Table of Contents

Research Handbook on Money Laundering

Research Handbook on Money Laundering

Elgar original reference

Edited by Brigitte Unger and Daan van der Linde

Although the practice of disguising the illicit origins of money dates back thousands of years, the concept of money laundering as a multidisciplinary topic with social, economic, political and regulatory implications has only gained prominence since the 1980s. This groundbreaking volume offers original, state-of-the-art research on the current money laundering debate and provides insightful predictions and recommendations for future developments in the field.

Chapter 10: Why do some states tolerate money laundering? On the competition for illegal money

Killian J. McCarthy

Subjects: economics and finance, economic crime and corruption, law - academic, corruption and economic crime, politics and public policy, terrorism and security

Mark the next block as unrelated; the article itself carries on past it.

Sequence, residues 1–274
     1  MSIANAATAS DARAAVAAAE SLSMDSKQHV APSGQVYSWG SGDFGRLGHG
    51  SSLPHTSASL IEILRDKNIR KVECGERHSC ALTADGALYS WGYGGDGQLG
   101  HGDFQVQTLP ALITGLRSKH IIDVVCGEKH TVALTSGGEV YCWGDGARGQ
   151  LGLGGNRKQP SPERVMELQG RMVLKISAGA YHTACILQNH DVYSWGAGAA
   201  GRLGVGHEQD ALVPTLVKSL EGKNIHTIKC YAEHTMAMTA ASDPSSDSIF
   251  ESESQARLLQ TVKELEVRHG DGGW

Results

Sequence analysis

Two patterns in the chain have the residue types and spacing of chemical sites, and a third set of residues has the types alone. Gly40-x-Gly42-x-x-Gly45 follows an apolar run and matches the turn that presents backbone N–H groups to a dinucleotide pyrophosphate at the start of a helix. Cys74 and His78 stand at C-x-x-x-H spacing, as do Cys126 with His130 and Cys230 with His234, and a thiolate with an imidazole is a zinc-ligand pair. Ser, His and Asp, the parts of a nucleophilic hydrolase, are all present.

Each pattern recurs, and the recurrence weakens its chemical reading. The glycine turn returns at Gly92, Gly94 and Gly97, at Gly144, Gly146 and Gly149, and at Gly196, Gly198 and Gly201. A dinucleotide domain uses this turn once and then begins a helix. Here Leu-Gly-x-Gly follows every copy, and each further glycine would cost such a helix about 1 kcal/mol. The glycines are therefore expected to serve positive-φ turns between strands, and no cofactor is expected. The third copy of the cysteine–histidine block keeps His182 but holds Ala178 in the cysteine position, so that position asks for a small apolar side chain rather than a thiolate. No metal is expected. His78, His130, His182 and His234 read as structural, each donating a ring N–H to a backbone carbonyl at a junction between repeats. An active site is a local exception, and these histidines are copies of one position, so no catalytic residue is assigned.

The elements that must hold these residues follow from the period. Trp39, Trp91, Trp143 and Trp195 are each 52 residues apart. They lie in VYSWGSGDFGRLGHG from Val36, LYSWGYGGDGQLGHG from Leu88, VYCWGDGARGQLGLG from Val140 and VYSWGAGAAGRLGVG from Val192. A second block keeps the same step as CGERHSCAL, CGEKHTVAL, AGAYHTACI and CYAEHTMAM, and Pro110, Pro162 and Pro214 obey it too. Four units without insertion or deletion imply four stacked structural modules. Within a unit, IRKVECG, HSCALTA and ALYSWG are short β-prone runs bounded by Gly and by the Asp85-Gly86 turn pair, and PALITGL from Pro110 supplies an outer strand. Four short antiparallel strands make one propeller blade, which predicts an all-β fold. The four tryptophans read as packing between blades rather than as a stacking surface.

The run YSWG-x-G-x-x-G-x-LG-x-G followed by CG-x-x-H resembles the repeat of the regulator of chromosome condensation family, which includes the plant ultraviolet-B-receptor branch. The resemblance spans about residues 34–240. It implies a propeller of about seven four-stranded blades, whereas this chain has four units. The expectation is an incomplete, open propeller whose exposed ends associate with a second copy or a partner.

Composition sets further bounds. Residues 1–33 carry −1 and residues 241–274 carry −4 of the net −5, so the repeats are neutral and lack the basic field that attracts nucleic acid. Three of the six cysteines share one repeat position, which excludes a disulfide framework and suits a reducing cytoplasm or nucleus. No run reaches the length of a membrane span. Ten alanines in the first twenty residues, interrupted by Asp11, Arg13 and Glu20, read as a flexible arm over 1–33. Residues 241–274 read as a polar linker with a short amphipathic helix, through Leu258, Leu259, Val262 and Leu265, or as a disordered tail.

Extract

Money laundering is the lifeline of the criminal industry. It is the mechanism through which criminals and criminal organisations ‘conceal or disguise the nature, location, source, ownership or control’ of their ill-gotten gains, so as to make it possible to investor to consume the proceeds of crime (Gnutzmann et al. 2010). As such, it would seem to be self-evident that every country would want to tackle money laundering. Even more so when the existence of a money laundering market is said to de stabilise the legitimate economy, and to act as a multiplier for crime, corruption, bribery and terrorism. The costs of money laundering, in fact, are so significant that European legislators have suggested the money laundering market threatens to ‘shake the very foundations of society’ (Directive 2005/60/ EC). It is perhaps surprising, therefore, to learn that the enthusiasm with which national governments apply international anti-money laundering policies (hereafter AML) varies significantly from country to country.

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